Now put together the rocker arm, steering linkage and upper plate and then bring together the front chassis, upper plate and back chassis to form the complete main car body (chassis assembled):


I've generally found that screwing in the battery holder with the jump wires on the right side of the car is best, as it puts the wires closer to their connection point, which will come later.

Next up is the construction of the camera pan and tilt unit. This part is tricky mostly for its use of the self-tapping M1.25 screws. These are very tiny and it is difficult to apply enough driving torque to them so that they tap both the plastic rocker arms and the acrylic holes below. Thus, to make the screwing task easier, use a M28 self-tapping screw included with each servo package to widen the holes on each rocker arm and the corresponding acrylic plate holes, as shown below:

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Now the M1.2*5 screws should go in far more easily, but still securely hold the plastic rocker arms in place.

The servo assembly is a simple task, as is the right angle attachment of the support plates. The only potentially tricky bit is getting the M3 nuts to sit in their intended spot in the acrylic plate before screwing in the M3*12 screws. Nuts go in first and then the screw is tightened within them.


Finish up the pan-tilt unit and attach it to the chassis and with this last step the mechanical assembly of the robot car is complete!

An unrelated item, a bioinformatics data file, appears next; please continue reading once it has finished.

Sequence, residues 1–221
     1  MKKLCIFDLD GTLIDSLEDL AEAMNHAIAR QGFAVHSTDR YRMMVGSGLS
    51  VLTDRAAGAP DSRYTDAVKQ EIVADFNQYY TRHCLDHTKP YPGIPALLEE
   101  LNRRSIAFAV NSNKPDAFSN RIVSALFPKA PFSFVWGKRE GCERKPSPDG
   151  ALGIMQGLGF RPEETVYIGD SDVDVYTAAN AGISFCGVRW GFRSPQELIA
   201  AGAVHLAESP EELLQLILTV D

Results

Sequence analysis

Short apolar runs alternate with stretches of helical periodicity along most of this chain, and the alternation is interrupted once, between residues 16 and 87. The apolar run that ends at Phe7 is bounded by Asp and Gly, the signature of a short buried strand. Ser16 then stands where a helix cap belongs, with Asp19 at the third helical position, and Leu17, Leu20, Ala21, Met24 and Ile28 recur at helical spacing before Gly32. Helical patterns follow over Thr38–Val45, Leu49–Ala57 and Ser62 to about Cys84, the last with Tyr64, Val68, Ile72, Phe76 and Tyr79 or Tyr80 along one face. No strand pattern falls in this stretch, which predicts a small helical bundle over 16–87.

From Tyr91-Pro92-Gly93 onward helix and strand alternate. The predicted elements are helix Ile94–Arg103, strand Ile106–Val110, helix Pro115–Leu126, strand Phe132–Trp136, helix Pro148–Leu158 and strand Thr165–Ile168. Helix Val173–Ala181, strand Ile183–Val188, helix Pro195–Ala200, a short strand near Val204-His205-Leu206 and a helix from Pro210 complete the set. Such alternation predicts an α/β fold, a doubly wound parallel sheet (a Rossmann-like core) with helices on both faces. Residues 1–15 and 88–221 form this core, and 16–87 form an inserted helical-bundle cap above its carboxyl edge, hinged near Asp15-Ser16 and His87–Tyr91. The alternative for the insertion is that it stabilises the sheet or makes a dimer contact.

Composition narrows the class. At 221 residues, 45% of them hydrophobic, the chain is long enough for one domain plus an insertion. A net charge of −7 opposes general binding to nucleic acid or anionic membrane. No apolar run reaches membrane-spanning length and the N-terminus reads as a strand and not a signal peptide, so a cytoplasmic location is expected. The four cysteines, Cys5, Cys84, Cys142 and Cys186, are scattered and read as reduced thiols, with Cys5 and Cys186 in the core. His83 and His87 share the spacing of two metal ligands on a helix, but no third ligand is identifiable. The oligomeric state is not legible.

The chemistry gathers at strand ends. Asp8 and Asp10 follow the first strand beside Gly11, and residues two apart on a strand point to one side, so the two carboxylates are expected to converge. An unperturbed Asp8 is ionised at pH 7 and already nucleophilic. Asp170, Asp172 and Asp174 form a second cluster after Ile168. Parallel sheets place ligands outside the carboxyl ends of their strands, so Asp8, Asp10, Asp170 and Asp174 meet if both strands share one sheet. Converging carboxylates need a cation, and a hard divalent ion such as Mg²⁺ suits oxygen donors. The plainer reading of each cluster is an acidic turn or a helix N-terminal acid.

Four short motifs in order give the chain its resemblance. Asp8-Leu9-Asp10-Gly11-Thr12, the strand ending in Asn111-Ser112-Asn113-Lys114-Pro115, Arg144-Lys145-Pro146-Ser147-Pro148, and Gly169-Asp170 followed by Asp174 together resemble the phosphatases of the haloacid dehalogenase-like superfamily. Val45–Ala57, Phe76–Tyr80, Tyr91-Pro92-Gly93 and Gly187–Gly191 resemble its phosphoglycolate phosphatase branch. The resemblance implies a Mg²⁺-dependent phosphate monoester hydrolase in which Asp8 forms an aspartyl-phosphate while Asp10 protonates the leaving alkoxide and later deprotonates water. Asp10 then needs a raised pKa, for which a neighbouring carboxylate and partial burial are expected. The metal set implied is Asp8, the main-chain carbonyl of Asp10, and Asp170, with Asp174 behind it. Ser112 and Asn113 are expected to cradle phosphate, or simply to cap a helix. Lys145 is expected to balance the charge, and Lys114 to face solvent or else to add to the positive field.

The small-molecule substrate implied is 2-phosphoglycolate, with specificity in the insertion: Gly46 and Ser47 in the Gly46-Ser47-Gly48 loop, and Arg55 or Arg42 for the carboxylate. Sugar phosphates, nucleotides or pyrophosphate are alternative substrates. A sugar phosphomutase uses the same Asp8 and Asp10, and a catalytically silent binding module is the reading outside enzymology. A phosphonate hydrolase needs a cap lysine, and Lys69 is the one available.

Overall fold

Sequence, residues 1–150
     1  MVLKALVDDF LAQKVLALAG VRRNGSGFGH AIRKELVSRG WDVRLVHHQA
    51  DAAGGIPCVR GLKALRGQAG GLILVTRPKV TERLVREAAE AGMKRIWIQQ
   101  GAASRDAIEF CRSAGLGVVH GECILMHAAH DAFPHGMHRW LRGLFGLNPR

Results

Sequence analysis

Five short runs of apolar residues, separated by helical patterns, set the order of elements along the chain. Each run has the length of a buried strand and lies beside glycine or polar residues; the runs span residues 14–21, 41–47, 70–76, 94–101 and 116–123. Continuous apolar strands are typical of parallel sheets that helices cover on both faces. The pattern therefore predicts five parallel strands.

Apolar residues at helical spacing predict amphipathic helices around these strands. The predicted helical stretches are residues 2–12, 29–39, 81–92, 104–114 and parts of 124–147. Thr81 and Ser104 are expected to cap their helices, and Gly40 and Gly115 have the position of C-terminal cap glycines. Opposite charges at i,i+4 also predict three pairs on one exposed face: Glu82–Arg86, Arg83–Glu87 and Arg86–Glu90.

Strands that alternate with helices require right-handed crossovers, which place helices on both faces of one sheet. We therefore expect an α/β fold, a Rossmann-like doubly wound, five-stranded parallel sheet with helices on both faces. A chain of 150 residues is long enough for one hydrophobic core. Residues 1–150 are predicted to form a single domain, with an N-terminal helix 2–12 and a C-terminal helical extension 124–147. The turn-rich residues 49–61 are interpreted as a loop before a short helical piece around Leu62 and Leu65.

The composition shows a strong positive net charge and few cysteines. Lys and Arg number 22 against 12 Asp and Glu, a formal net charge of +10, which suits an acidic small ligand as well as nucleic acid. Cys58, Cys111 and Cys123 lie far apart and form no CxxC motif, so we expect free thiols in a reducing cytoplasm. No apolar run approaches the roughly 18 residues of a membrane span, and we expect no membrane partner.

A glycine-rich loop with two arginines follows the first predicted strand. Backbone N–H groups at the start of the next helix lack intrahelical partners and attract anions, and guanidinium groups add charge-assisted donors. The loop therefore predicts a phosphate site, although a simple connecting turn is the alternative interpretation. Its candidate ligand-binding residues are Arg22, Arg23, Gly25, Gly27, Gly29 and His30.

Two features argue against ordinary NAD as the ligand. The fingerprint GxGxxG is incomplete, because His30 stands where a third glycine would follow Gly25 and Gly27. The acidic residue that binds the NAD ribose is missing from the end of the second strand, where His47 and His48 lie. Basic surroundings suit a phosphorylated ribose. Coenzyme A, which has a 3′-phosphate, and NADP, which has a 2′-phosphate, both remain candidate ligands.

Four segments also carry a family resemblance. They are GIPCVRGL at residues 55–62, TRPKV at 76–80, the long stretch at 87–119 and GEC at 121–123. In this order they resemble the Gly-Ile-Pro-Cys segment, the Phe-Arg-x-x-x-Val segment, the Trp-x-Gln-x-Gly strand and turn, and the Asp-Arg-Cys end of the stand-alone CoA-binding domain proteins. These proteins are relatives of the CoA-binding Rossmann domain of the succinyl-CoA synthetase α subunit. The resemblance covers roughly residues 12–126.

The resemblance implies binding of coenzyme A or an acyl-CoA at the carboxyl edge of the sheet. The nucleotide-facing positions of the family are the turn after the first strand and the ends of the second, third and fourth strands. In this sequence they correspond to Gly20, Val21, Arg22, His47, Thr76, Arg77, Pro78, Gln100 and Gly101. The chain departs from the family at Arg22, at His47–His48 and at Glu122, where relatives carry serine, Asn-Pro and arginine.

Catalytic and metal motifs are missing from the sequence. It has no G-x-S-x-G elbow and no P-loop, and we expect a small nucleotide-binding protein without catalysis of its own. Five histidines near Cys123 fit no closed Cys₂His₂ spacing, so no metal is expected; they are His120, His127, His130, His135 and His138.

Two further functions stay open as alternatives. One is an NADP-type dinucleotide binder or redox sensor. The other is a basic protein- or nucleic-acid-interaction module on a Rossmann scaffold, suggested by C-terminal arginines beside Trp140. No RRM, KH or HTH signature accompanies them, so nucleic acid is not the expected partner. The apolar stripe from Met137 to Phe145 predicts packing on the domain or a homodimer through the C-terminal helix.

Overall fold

Now secure the electronic components to the main acrylic plate. Each circuit board is attached with four screws and you may want to ensure the screw holes are properly aligned by attaching the first two screws diagonally, as shown.


A diagonal placement of the first two screws makes sure the other two will go in easily. Take note of the orientation of the servo controller (with the green connector unit facing the back of the car).

If your Raspberry Pi's SD card is fresh out the box and unconfigured, it's probably best if you skip on screwing the Pi onto the chassis at this stage, as doing so will make the HDMI port inaccessible. It is of course possible to configure the Pi while it's "headless" (using a direct LAN connection), but having a monitor connected to the HDMI port makes the setup significantly easier. This particular car will have a fully configured SD card (cloned from Terra's card), so I will be screwing in the Pi as well.

Before you start connecting any of the jump wires, loosen the screws in the green/blue connector jacks. The screws on the sides of the green connectors and the top of the blue connector at the back are there to hold the jump wires in place when tightened.


Now the wiring can proceed as pictured in the instruction booklet. Make sure to re-tighten the connector screws once the wires are in place. Finally, connect the camera and the microUSB charger to the Raspberry Pi. If your Pi is the same as the one pictured (Pi 3 Model B), it already features an in-built WiFi module, so the dongle provided by Sunfounder is unnecessary. For Pi 2s, you'll have to attach it in order to get a wireless network connection.

Pop in the batteries and your Sunfounder Video Car should power on. If your SD card has Raspbian (or another Pi-compatible OS) installed, you can go ahead and insert that into the Pi, along with some peripherals if needed for configuration.

And that concludes the building process! Here is Mercury in its fully-assembled glory:


My next post will contain Part 2 of the setup process - installing and configuring Raspbian on the Pi and also getting ROS up and running.